Of all the digital tools discussed this week, I find Google’s H-Bot to be most impressive. Although it’s format is nearly simple, ask a question-get an answer, and may seem somewhat redundant, because a simple internet search can yield more information about a topic rather than answering a specific question, the technology behind it is very refined. The ability to like verbs with past, present, and future tenses is still under development. Text mining in many programs is in large part WYSIWYG. The word “state” may contain many different meanings and contexts, yet computers have to be trained to recognize the differences between these words. The H-Bot, and it’s ability to show to link verbs and tenses together as well as associate words like “when” and “where” with quantitative and geographic information is truly a break-through in developing computer programs that can more efficiently scan the millions of sources already available for more accurate information relating to queries.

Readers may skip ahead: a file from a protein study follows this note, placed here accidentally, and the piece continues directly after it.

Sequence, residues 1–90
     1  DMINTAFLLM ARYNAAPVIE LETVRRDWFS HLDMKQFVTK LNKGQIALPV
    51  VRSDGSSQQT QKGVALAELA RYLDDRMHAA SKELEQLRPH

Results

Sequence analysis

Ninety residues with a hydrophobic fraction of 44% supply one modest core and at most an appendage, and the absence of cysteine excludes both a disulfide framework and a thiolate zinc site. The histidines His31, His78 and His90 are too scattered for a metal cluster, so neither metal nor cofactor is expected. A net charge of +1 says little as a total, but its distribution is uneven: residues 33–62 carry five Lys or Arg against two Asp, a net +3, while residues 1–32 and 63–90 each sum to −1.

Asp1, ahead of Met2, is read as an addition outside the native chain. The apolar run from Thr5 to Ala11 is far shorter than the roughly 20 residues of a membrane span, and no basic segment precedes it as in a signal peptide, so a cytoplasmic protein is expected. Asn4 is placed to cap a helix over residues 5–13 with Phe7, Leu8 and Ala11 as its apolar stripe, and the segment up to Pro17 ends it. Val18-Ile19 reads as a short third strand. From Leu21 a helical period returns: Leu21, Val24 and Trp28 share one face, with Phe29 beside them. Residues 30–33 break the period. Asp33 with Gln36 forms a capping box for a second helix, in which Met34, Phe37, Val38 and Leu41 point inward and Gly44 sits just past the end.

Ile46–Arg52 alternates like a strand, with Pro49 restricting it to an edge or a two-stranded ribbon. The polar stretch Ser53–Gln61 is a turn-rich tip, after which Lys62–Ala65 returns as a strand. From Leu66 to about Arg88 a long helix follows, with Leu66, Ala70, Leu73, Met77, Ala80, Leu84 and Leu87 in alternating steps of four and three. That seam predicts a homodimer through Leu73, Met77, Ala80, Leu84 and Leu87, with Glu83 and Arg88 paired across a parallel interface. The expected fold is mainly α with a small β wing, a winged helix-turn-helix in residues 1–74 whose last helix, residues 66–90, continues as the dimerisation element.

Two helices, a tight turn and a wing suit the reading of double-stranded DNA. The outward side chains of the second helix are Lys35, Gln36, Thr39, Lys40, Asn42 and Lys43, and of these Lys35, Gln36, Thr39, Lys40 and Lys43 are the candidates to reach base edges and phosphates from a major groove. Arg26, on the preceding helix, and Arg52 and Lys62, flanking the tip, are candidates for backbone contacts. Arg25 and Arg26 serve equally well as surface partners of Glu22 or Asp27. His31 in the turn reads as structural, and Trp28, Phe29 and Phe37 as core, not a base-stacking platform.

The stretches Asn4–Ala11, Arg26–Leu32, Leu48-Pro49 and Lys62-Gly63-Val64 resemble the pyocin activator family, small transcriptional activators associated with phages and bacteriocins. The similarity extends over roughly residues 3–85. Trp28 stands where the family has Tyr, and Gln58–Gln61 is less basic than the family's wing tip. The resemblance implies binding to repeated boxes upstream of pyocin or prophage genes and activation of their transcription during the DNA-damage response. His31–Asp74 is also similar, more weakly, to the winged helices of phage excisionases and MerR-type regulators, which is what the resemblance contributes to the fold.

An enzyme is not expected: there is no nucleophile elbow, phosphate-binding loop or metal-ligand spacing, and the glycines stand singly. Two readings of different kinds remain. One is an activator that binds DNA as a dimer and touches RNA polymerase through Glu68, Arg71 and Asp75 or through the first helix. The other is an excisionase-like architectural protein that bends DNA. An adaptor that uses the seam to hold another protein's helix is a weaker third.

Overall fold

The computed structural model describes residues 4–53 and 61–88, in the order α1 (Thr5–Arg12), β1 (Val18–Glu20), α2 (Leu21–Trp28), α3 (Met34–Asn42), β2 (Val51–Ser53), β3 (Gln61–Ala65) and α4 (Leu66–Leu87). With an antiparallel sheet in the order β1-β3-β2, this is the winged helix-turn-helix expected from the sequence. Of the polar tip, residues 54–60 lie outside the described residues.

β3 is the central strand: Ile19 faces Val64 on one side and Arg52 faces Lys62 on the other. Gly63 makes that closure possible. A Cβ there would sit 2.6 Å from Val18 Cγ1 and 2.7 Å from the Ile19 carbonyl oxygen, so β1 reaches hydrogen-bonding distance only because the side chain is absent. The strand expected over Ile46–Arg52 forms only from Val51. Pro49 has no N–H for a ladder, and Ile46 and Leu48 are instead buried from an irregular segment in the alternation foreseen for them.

Of course, I’ve spoke about my experiences in the past with text mining and current projects we are working on that utilizes these digital technologies. And it is clear that these technologies are certainly imperfect. As I stated last week, it appears that Google really is the company on the forefront of developing programs like N-Gram viewer and H-Bot. As many programs rely on search algorithms and program platforms popularized and invented by Google. But even the imperfection of these programs give digital historians a place to continually refine to make large amounts of data more easily searchable. If there was a theme to tie digital history together, it certainly would be progression. The technology that has been developed from rudimentary programs have been expanded and more complex programming has taken place to refine the programs to act more human-like. Simultaneously, the programs may be becoming more complex while the interfaces and ability for the lay person to utilize these searching tools and database software is becoming simpler and more straight forward. The computer processes are hidden “under the hood” and ensure that more people can utilize these tools for historical research. Certainly, democratization of these tools goes hand in hand with the progression from simple program that uses simple programming with a sometimes complicated or confusing interface, to complex program that is visually simple for the user to work with.